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Miami, Florida

Bad Faith Claims

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Bad Faith Claims

If you are like most people, you maintain more than one insurance policy—auto insurance, health insurance, homeowners’ insurance, and the like. You pay your premiums every month, which helps enrich these companies. When you have a claim, you expect the insurance company to deal with you fairly, even though paying your claim will cost them money. 

If they don’t play fair with you, you might have a bad faith insurance claim in addition to your original insurance claim. Although Florida’s bad faith insurance statute codifies the standards for proving such a bad faith insurance claim, they are still relatively difficult to win.

First-Party Claims vs. Third-Party Claims

First-Party Claims vs. Third-Party Claims

A first-party claim is a claim against your own insurance company. A third-party claim is a claim you file against an at-fault party’s liability insurance company. 

First-party bad faith insurance claims are easier to win than third-party claims. Both types of claims are winnable, however, depending on the circumstances. You cannot file a bad faith claim against another party’s insurance policy unless you first obtain a settlement or verdict against the insured party covered by the policy.

Car Accident Claims

More bad faith insurance claims arise from car accident claims than from any other type of personal injury claim because car accident claims are so common. Since Florida is a no-fault auto insurance state, if you experience a bad faith claim, the opposing party will probably be your personal injury protection (PIP) insurer. 

Under Florida’s no-fault auto insurance system, your PIP insurer cannot refuse to pay simply because the accident was your fault. Nevertheless, other purported grounds exist for refusing to pay, such as unnecessary or excessive medical expenses or failure to mitigate damages.

Third-Party Car Accident Claims

Under certain circumstances of “serious” injury, you can exit Florida’s no-fault system and file a personal injury lawsuit against the at-fault driver. Unlike almost every other state, Florida does not require its drivers to carry liability insurance. 

In practice, however, many third-party car accident lawsuits proceed against insured drivers through their voluntary auto liability insurance policy. If the at-fault driver lacks liability insurance, you will have to claim against their personal assets, which would not involve an insurance claim.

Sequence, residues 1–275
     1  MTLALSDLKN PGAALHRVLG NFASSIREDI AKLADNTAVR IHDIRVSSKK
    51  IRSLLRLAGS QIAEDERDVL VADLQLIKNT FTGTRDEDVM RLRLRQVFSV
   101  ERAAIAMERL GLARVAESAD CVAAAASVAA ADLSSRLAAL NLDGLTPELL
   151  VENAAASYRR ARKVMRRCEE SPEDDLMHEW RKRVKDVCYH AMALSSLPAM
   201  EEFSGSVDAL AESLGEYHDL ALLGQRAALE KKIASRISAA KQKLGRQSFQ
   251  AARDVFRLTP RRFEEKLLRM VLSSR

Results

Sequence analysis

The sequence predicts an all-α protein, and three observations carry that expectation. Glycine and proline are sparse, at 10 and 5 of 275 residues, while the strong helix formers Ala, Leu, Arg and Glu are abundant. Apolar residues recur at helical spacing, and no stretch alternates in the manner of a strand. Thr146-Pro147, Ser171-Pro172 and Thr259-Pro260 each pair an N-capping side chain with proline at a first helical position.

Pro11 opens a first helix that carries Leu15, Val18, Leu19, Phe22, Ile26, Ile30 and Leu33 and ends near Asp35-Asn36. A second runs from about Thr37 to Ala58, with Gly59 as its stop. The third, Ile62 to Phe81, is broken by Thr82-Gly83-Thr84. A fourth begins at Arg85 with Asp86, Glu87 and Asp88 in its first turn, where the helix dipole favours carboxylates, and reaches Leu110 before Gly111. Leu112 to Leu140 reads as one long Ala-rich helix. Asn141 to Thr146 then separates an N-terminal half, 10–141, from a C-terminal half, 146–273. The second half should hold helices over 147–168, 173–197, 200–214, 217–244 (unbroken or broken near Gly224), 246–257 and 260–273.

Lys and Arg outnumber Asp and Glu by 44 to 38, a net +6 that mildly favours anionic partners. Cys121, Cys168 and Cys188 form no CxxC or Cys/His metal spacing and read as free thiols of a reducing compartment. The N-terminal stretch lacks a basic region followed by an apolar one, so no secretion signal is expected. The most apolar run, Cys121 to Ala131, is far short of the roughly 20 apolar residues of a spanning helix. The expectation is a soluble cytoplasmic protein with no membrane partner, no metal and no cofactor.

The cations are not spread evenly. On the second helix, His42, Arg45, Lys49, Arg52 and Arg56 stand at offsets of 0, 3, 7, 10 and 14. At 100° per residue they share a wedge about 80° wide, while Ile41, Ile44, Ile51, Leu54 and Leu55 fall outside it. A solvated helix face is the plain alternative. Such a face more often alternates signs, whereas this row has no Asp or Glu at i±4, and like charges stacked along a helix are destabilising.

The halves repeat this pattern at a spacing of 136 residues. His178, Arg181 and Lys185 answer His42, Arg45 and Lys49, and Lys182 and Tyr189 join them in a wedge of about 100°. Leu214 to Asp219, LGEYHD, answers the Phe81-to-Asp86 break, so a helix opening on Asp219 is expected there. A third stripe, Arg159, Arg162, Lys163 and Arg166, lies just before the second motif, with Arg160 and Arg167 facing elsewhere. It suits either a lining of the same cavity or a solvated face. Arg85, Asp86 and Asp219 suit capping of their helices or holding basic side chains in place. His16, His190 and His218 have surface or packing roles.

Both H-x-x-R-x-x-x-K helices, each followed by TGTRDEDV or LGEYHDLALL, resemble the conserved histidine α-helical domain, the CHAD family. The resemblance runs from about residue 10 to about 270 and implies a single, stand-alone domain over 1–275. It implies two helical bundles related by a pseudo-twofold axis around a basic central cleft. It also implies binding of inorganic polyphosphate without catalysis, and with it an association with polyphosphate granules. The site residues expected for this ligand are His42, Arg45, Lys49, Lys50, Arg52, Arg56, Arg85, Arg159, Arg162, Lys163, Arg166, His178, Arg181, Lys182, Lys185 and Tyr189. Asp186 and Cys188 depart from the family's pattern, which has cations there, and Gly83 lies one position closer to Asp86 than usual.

Examples of Bad Faith Insurance Claims

Following are some actions that should raise a red flag:

  • An absolute refusal to negotiate a settlement despite your strong claim;
  • Bogging you down with an unreasonable amount of paperwork;
  • Dragging out your claim with a multitude of small delays;
  • Refusing to pay a claim that it has already agreed in writing to pay;
  • Unnecessary delay in payment of a claim already agreed upon;
  • Denying your claim without explanation;
  • Denying your claim without an investigation;
  • Unreasonably denying claims for medical treatment;
  • Threatening you;
  • Misrepresenting the law;
  • Misrepresenting the scope of coverage or the language of the policy;
  • Refusing your reasonable request for documentation.

The preceding list is far from complete. Florida courts apply a “totality of the circumstances” test to bad faith insurance claims. Additionally, mere negligence is not enough to win a bad faith insurance claim.

How To Handle a Bad Faith Insurance Claim

Your best defense against bad faith insurance tactics is to hire a skilled and reputable personal injury lawyer soon after your claim arises. Bad faith insurers typically bully only unrepresented claimants or claimants who have hired ineffective lawyers. The best way to defeat a bad faith tactic is to deter the insurance company from trying one on you in the first place.

If the insurance company has already used dishonest or unfair tactics against you, respond firmly by taking the following steps.:

  • Consult with your lawyer about whether you have a valid bad faith claim.
  • If your lawyer agrees that you have a viable bad faith insurance claim, have your lawyer mention it to the insurance company verbally during settlement negotiations.
  • If you don’t receive a satisfactory response, have your lawyer send the insurance company a warning letter.
  • If your warning letter brings no satisfactory response, file a bad faith insurance lawsuit.

If your personal injury claim is still pending, you can continue pursuing it at the same time that you pursue a bad faith insurance claim.

A Personal Injury Lawyer Can Help You Win a Bad Faith Claim Against an Insurance Company

Personal injury lawyers frequently negotiate personal injury claims with insurance companies. They know that the insurance adjuster is an advocate for their employer, the insurance company. They also know that the insurance company has a bag of tricks they can use to dismiss or minimize your claim. 

However, a bad faith claim is appropriate when the insurance company crosses a certain line. An experienced personal injury lawyer knows how to pursue such a claim. You can avoid bad faith claims by hiring a personal injury lawyer soon after your injuries occur. Contact Shaked Law Personal Injury Lawyers to schedule a free consultation today. Try to find a balance between finding a personal injury lawyer quickly and “doing your homework” to find the best one. Call us at (305) 937-0191.